And then times got even more interesting.
Learning in the time of Covid
Covid restrictions made it impossible this year for secondary-school students to sit final-year exams on this and our neighbouring island. In the absence of exams, both the Irish and UK Governments separately decided to calculate students’ final grades based on teachers’ assessments plus government algorithms to ‘standardise’ the outcomes.
That turned out to be not such a great idea.
In fact, completely legitimate outrage followed the publishing of the ‘final’ grades in the UK.
Ostensibly in order to avoid grade inflation in university entrants, each year results are ‘standardised’—manipulated—to reflect previous years’ results from each school. So, nothing changed; the differential persisted, with help from friendly algorithms.
That algorithmic manipulation resulted in students from schools in working-class areas having their teachers’ calculated grades reduced by a hefty chunk while grades for schools in more affluent areas were given a boost. Or, as Boris helpfully put it, ‘The harder you shake the pack the easier it will be for some cornflakes to get to the top.’ Bless him, he said the quiet part out loud.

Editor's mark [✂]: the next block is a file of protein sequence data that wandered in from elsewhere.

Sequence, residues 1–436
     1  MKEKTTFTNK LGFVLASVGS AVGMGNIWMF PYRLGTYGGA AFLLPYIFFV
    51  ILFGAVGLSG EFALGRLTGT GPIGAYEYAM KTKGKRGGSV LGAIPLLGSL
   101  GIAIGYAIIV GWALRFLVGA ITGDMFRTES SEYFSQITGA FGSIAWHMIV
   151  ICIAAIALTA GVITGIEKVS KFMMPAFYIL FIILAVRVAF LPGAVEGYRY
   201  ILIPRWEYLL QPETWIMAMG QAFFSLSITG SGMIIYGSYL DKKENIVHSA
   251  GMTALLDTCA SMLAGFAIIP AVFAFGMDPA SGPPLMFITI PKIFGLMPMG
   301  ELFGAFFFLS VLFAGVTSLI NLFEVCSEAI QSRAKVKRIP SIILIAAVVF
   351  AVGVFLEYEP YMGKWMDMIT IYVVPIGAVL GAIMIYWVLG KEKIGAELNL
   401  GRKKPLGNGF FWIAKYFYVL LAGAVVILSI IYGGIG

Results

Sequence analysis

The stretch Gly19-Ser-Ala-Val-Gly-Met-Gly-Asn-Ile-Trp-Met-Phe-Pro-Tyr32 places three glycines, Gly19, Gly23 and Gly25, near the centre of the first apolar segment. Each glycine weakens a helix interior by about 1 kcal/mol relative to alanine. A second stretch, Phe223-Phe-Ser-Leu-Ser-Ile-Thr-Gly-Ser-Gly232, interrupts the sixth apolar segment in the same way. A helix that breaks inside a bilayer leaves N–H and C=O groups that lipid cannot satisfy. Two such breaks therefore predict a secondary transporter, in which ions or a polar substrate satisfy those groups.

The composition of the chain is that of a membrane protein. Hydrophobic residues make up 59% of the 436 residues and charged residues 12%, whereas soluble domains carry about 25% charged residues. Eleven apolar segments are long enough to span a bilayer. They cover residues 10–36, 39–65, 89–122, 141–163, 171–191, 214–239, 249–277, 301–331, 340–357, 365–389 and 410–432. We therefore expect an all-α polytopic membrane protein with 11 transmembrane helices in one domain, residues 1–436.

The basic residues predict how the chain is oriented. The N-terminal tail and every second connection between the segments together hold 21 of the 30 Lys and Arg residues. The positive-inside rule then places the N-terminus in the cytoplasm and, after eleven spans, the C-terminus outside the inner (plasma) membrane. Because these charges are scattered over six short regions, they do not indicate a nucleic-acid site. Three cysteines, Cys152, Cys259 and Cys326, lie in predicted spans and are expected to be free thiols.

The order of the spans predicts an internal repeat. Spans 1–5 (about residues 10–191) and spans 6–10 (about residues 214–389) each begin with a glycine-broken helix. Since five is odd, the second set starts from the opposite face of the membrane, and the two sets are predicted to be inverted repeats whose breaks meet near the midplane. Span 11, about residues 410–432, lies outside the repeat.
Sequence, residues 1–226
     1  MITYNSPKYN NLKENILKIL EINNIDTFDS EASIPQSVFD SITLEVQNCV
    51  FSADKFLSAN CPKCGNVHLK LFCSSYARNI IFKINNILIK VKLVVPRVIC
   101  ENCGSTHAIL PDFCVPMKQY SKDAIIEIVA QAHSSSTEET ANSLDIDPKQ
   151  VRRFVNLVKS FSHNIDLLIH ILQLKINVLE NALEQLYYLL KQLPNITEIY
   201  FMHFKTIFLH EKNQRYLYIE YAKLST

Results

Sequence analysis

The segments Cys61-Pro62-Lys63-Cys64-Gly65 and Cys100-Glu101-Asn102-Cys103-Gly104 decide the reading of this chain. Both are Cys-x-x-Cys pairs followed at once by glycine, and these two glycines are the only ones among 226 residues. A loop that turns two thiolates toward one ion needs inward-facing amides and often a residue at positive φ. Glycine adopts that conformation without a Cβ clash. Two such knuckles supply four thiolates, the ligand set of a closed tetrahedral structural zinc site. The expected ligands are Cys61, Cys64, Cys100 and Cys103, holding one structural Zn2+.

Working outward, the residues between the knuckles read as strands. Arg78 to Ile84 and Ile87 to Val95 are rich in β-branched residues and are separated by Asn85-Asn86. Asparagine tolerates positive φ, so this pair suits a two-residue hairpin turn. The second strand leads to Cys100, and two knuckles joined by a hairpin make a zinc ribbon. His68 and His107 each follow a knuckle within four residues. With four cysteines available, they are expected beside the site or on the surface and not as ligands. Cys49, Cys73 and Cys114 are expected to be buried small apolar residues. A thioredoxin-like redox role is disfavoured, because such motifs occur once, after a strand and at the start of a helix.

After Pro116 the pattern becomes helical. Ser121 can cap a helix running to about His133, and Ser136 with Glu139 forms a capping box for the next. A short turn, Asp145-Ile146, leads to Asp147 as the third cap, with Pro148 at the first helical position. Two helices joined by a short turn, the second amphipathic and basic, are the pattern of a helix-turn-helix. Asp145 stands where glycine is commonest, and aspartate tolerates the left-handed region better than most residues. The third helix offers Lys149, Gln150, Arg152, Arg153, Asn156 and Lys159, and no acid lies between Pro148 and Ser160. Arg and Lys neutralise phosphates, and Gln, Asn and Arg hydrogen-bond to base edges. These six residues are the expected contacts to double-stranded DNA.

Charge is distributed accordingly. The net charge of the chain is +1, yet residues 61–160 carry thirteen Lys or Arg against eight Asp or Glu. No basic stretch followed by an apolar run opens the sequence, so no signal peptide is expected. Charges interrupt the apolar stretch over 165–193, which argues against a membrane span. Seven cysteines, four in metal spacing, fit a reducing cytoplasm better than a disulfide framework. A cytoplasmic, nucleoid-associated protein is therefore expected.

The top of the UK cornflake box looks something like the chart on the right. The privately educated represent about seven percent of the total UK population, but nearly three quarters of judges, more than two thirds of both top military officers and Government Ministers, and more than half of both Foreign Office diplomats and leading journalists. What are the chances of that?
Before we start feeling smug, however, although private school attendance over here hovers at about the same 7 percent, Donal Lynch reported in 2016 that,
TDs are more than twice as likely to have gone to a private school than the average Irish person. . . . In business, nearly half of leaders of Irish publicly listed companies went to private school. Elite colleges such as Blackrock, Belvedere and Clongowes Wood (which has an especially high CEO count—including Michael O’Leary) made up 40pc of Irish company leaders. The current governor of the Central Bank is an old Blackrock boy. Even the arts sector . . . has lately become colonised by private schoolboys, . . . entitled, dapper, and with an iron ambition concealed by velvet manners.